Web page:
Reflecting on the global cluster bomb ban, ten years on
Posted: Nov 30, 2020
With the closing of the (virtual) Second Review Conference of the Convention on Cluster Munitions in Lausanne, Switzerland, this month marks an important milestone in global efforts to ban the weapon.
Ten years ago, all eyes were on Laos as 1,200 representatives from across the globe gathered in Vientiane for the first international meeting to discuss the status of the cluster bomb ban, which became international law in August 2010. It is formally known as the First Meeting of States Parties to the Convention on Cluster Munitions (1MSP).
Participants included representatives of 121 governments, international organizations like the United Nations and the International Committee of the Red Cross, and nearly 500 civil society campaigners from Afghanistan to Zambia. Although the United States government did not formally participate in the meeting, the Legacies of War delegation brought the voices of people from across America by organizing the Tapestry of Hope exhibit, and also holding a side meeting on United States policy related to cluster munitions.
While there are many types of unexploded ordnance in Laos, the vast majority are cluster munitions, which are large containers that can be dropped from the sky or launched from the ground and open up to spread up to hundreds of submunitions across an area the size of several football fields. These submunitions are also known as cluster bombs, or “bombies” in Laos, which is the country most affected by these weapons. They are indiscriminate both at time of use and for decades after. Around 30% of the bombies didn’t detonate on impact, remaining unexploded in the ground and making it unsafe to play, grow food, and build homes, hospitals, and schools.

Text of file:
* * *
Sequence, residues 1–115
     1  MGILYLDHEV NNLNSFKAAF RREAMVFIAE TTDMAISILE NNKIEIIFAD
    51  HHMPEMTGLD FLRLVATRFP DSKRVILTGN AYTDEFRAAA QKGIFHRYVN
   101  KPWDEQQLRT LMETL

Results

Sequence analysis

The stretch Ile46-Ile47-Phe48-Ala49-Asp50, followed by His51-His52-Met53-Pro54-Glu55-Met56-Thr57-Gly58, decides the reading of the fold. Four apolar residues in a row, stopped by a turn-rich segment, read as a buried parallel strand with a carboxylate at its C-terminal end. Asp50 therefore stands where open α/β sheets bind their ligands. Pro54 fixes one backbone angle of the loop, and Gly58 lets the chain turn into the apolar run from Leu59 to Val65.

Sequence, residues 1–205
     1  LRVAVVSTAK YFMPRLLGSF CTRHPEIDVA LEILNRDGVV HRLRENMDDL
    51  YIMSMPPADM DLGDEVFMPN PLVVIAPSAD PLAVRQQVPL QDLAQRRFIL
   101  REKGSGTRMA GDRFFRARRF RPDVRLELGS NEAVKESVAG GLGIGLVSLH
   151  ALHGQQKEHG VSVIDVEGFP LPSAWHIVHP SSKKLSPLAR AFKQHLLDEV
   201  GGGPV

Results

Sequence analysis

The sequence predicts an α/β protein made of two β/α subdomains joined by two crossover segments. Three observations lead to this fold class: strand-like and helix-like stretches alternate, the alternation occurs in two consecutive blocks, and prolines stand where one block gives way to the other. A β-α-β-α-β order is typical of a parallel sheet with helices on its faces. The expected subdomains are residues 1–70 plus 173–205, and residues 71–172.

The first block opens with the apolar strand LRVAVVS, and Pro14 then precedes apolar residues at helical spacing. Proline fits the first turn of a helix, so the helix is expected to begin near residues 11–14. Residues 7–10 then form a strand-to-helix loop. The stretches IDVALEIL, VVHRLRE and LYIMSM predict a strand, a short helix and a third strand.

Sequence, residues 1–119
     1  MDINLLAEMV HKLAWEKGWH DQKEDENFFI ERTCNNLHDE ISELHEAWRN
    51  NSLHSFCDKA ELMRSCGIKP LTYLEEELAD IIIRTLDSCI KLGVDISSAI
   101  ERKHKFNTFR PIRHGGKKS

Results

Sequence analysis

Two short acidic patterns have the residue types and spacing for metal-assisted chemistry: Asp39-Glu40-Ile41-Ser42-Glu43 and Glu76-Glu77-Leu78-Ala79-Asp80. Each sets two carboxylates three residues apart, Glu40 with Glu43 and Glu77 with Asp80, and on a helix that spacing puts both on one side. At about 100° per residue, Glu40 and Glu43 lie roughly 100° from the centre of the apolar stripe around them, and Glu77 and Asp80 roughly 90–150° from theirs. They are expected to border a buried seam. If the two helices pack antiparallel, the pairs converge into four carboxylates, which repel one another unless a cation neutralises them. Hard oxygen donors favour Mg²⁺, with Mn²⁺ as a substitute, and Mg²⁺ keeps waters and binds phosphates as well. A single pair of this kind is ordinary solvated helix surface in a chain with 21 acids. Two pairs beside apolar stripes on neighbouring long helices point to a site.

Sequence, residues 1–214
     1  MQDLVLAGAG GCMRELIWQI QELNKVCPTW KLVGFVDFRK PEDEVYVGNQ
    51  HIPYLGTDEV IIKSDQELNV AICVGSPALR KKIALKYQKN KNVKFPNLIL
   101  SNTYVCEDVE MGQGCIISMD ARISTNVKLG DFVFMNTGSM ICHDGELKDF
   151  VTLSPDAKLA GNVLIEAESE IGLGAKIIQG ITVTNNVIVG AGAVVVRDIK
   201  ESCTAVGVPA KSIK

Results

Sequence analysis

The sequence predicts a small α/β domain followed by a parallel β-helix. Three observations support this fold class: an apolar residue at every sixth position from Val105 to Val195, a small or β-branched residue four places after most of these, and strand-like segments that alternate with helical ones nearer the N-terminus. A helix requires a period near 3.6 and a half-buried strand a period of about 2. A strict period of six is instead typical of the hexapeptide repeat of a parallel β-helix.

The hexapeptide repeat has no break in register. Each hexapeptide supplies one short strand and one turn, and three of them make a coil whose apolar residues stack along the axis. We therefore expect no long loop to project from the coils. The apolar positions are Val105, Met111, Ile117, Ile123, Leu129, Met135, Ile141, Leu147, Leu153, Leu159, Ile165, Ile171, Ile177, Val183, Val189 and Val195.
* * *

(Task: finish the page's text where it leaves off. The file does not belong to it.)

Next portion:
It is estimated that the U.S. dropped 270 million cluster bombs on the Southeast Asian country from 1964 to 1973. Today, nearly 50 years after the bombing ended, approximately 80 million remain unexploded in the ground, covering about one third of the country.
Hosting the first meeting in Laos in 2010 afforded decision-makers with new ways to understand this issue beyond typical diplomatic discussions in conference rooms far from those most affected. It was an unprecedented opportunity for the global community to comprehend the long-lasting, devastating impact of the weapon while also learning from people in Laos how to successfully end the painful legacy that these cluster munitions leave behind.
As the Cluster Munition Coalition representative in Laos, I worked with my colleague Vilayphone “Titi” Choulamany and campaigners around the world to partner with the Lao P.D.R. government, the United Nations, embassies, Laotian organizations, and survivors, ensuring that everyone actively participated in all aspects of the meeting, both in the conference hall and beyond.
In addition to diplomatic discussions, the week-long program involved activities like a visit to clearance sites in Xieng Khouang, dance performances including people with disabilities, and a demonstration wheelchair basketball game.
Reflecting on the past 10 years, there are numerous reasons to celebrate progress for Laos, and it is precisely this progress that motivates me to keep up the hard work.
Of course, there are quantifiable ways to do so. In 2010, the U.S. was providing $5.1 million for clearance and victim assistance in Laos. Today, following years of concerted advocacy by Legacies of War and our partners, the U.S. is on track to allocate $40 million for Laos for the upcoming fiscal year.